More on Veggie Burgers and Neurotoxins

Flickr/<a href="">dano</a>

UPDATE: Veggie burger rumors are flying! Some readers and other news organizations have alleged that the study I wrote about on Monday was funded by the pro-meat, anti-soy group the Weston A. Price Foundation. But this morning, I spoke with Cornucopia Institute director Mark Kastel, who said that the Weston A. Price Foundation did not contribute any funding to the “Behind the Bean” (pdf) study. More here.

On Monday, I wrote about a recent study by the Cornucopia Institute that found that many popular veggie burgers are made with hexane, an EPA-registered air pollutant and a neurotoxin. Commenters had lots of interesting discussions and good questions, many of which require far more knowledge of the subject than I have to answer. So I called up Charlotte Vallaeys, the lead researcher on the Cornucopia Institute’s soy study “Behind the Bean,” (pdf) to talk about some of the issues readers have raised.

One commenter points out that “Soy protein, soy protein isolate, and textured vegetable protein all contain processed free glutamic acid (MSG).” Is there MSG in most fake meat?

Vallaeys says many fake meat products do in fact contain ingredients that are made from some of the same compounds as MSG (and processed free glutamic acid is one of them), though the Cornucopia Institute has not investigated the health effects of these compounds. Mayo Clinic’s page on MSG is here.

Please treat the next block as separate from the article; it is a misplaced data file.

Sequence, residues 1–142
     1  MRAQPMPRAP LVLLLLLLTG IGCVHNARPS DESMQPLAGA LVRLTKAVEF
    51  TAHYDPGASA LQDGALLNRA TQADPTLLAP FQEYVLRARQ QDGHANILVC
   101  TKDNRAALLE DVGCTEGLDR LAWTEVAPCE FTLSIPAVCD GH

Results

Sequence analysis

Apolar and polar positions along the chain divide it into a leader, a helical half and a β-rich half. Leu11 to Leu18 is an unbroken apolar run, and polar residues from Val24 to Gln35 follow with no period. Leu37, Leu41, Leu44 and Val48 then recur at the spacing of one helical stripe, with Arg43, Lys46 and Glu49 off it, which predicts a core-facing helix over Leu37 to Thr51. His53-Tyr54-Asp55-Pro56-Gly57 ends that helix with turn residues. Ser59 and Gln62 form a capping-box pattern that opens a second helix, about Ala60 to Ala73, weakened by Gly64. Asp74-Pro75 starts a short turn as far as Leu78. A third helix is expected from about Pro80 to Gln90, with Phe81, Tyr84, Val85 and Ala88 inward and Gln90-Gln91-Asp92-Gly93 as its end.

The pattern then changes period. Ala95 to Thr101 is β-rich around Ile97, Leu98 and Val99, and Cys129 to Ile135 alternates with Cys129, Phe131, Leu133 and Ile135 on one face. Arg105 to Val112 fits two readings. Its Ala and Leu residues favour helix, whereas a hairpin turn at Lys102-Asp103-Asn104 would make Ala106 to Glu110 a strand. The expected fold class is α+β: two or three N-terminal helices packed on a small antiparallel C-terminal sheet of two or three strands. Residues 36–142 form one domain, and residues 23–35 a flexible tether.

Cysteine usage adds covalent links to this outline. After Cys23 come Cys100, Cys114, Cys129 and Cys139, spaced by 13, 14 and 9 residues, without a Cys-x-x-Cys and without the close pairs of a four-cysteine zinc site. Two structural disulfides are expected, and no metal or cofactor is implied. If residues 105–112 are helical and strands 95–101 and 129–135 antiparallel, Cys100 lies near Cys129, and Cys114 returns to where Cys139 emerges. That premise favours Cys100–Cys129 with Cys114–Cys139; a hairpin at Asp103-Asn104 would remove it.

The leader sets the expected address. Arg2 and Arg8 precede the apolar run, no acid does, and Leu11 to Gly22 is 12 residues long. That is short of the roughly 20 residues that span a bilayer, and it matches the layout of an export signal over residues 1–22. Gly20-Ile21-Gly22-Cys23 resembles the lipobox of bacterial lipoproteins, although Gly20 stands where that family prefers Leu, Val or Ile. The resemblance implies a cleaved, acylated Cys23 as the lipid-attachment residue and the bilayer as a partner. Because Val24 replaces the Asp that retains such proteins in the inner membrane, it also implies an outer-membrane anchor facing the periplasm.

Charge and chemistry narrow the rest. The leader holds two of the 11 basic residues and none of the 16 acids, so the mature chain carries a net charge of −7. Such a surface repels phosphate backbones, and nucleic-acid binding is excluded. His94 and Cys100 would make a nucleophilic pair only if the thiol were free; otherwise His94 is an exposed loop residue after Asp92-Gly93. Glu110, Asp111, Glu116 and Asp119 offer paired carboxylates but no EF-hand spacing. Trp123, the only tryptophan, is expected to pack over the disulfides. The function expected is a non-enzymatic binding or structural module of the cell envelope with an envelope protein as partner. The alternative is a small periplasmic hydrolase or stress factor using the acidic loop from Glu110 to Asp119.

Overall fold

How about other soy products like tempeh and tofu? Are they often made with hexane, too?

Tempeh is rarely made with hexane, and most tofu isn’t either, unless it’s advertised as low fat or fat free. “If the product is made with whole soy beans, which most regular tofu is, that’s not hexane extracted,” says Vallaeys. “But some tofu companies are now coming out with a low-fat line of tofu, which is often done with hexane-extracted soy.”

“I switched to using mostly Quorn products because they are soy free. Are they bad, too?”

Vallaeys says she hasn’t looked into Quorn fake meat directly. I did a cursory search, though, and found that the main ingredient is a mycoprotein, a fungus. From this explanation of how mycoprotein is made, it doesn’t seem like hexane is involved, but man! Talk about a processed food.

“If any cooking oils, margarines, or other products that use oils don’t say ‘expeller pressed’ on the ingredient statement, they are likely processed with hexane.” True?

That’s right, says Vallaeys. “It’s not just soy-based oils either. Hexane is used to extract oils from corn and other plants, too.”

“Hexane’s boiling point is well below grilling temperature (69C, about 157F). That’s cooler than even a toaster. Is there any evidence that the slightest bit remains in a veggie burger?”

Vallaeys: “The evaporation argument is often used by the companies that make these products. But what happens to the food when you cook it with this neurotoxic compound? Does it react with other substances and create new compounds before it evaporates? That really has not been studied. We think there should be more testing done on what these substances do to the food.

Another commenter referred to a study where researchers fed hens hexane. Basically, they found that the hens could consume a whole lot of the stuff before experiencing adverse effects. So doesn’t this mean we shouldn’t worry about the miniscule amounts of hexane residue that may or may not be present in fake meat?

“That study is about hens, and as far as we know, there haven’t been any studies done on humans,” says Vallaeys. But she also notes that when it comes to human health effects of hexane, the residue issue isn’t the main point. “The bigger picture here is that hexane is being released into the atmosphere—since it’s an air pollutant. It leads to smog, which is ground-level ozone, which leads to a whole bunch of health problems, like asthma in kids. These effects are very real.”



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